‘Carry arms!’

Bent heads lifted, sloping muskets snapped from straightened shoulders to the marching salute. And thus the Army of Northern Virginia passed, in silence broken only by the splat-splat-splat of marching feet in mud.

‘. . . Not a sound of trumpet more, nor roll of drum,’ wrote Chamberlain later; ‘not a cheer nor word nor whisper of vain-glorying. . .but an awed silence rather, and breathtaking, as if it were the passing of the dead.’

The column wheeled into successive lines, halted, and arms were stacked. Upon the muskets the color sergeants laid for the last time their tenderly rolled battle flags. Then, like mourners hurrying half-dazed from the grave, the men of the Army of Northern Virginia marched away. Their last parade had ended.

Officially, of course, Lee’s surrender affected only the forces of his army present for duty at Appomattox – 28,356 officers and men. The practical effect, however, was to serve as a signal of the war’s end to all other Confederate troops still under arms. The formalities of negotiation an surrender were punctiliously observed by both sides.” [from pages 454 through 456 in Dupuy and Dupuy]

After describing the surrender of Johnston to Sherman, the authors state:

“Further south and west, General Richard Taylor on May 4 surrendered all remaining forces in Mississippi and Alabama to General Canby. West of the Mississippi, Kirby Smith surrendered on May 26. President Davis, [fleeing south], had already been captured by Wilson’s men at Irwinsville, Georgia, just north of the Florida border on May 10. On the twenty-ninth, President Andrew Johnson issued a proclamation of amnesty to all persons who had taken part in the rebellion, save for senior civilian and military officials of the Confederacy. The Civil War had officially ended.” [page 457]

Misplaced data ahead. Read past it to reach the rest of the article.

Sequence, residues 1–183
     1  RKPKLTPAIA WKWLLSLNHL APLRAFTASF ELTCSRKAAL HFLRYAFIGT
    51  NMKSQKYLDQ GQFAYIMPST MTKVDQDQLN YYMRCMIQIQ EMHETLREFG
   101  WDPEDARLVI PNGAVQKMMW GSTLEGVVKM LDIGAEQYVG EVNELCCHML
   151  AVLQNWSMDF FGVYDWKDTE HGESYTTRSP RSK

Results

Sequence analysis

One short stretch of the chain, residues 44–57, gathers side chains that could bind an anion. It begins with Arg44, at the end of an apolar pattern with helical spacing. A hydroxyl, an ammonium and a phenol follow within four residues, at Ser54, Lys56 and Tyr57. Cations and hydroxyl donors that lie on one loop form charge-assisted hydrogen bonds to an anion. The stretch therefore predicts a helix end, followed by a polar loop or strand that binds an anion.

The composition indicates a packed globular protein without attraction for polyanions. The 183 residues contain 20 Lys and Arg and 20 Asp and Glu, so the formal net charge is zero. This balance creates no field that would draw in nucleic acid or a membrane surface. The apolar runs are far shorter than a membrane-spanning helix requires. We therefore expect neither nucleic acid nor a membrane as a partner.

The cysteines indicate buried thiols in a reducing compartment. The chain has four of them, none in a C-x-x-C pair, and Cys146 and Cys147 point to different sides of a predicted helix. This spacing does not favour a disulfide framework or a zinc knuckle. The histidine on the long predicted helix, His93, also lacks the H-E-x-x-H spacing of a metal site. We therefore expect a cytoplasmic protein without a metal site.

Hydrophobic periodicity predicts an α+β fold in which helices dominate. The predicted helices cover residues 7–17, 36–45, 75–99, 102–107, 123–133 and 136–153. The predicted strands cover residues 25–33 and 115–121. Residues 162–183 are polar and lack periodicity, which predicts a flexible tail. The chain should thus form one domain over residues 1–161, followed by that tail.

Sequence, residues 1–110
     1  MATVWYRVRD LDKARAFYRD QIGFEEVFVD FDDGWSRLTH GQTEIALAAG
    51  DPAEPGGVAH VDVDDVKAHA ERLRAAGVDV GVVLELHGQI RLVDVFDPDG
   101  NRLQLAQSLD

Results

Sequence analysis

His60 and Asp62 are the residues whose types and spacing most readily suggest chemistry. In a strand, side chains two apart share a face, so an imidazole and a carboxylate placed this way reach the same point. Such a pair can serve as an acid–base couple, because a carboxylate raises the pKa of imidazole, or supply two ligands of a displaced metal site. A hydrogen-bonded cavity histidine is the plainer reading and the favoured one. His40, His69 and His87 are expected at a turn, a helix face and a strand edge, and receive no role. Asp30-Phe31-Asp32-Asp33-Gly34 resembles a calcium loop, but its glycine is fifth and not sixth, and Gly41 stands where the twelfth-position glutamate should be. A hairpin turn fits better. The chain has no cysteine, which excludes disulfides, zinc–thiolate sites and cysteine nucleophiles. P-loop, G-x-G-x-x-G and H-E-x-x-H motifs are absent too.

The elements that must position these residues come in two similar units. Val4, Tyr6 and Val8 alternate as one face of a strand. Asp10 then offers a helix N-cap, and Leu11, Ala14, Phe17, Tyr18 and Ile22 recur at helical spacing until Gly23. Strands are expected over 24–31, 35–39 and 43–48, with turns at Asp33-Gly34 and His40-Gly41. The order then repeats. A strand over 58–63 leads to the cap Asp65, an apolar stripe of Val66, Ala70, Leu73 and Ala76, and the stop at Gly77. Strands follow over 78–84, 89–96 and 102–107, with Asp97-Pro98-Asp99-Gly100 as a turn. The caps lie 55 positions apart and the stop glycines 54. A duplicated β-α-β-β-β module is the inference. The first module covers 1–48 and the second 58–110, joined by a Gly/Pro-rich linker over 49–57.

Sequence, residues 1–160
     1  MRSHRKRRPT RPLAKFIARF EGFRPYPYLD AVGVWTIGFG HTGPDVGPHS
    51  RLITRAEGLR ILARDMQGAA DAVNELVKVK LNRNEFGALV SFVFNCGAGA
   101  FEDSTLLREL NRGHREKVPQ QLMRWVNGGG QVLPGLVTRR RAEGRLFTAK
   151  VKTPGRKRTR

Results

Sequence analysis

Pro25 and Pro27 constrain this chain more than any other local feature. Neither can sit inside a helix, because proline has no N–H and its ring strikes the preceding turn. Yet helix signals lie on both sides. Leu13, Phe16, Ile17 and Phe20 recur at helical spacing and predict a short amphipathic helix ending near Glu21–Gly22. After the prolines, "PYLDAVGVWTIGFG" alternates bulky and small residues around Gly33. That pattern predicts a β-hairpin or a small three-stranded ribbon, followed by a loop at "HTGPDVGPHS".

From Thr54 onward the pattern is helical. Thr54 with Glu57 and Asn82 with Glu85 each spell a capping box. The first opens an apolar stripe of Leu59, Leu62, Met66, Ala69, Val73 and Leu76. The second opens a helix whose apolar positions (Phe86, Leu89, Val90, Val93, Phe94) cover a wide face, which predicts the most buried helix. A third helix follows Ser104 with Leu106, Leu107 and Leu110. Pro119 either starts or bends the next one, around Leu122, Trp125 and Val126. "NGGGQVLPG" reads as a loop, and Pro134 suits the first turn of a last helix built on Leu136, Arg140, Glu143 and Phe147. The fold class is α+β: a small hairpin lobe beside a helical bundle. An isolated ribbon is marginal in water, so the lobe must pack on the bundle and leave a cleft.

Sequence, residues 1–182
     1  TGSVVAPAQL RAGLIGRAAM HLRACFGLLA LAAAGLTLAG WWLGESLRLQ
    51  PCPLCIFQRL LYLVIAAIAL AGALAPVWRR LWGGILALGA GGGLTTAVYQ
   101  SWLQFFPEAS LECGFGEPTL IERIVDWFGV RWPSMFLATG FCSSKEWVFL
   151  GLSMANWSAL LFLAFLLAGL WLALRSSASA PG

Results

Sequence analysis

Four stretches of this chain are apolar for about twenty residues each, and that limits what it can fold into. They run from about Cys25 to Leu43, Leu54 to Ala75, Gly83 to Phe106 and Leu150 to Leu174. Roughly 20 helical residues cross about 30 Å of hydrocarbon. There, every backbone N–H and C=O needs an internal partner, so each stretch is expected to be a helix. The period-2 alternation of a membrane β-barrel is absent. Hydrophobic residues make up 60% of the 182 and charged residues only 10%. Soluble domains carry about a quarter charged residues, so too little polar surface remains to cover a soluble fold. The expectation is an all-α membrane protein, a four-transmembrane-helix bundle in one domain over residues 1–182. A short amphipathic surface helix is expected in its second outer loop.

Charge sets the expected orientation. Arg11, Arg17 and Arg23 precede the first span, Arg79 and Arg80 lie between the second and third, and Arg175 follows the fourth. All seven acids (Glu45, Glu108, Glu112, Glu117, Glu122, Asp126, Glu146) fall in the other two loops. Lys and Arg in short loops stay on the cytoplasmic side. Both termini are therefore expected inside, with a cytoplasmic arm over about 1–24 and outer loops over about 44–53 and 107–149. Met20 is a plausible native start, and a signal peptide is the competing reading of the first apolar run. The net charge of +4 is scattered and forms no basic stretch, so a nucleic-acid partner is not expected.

the above description is from: Col. R. Ernest Dupuy and Col. Trevor N. Dupuy, THE COMPACT HISTORY OF THE CIVIL WAR [New York, NY: Warner Books Edition, c. 1960, 5th Editon, 1993]: 454 – 457.

[Editor’s note: one other large group was not included in pardon extended by the President Johnson’s general amnesty; namely, those individuals in the Confederate states whose financial worth was $20,000 or over. They were required to make personal application to President Andrew Johnson for an individual pardon. Between May and December 1865, in North Carolina, this heavy responsibility fell to the new Provisional Governor of the state, William W. Holden, who read these applications for a pardon and subsequently made a recommendation on each applicant to President Johnson. When the process was completed, he recommended that everyone be pardoned except two individuals and two others had the connections not to use the state process and applied directly to President Johnson. One of my great great grandfathers, due to his ownership of land plus businesses in Nashville, NC, was required to apply for an individual pardon from President Johnson.]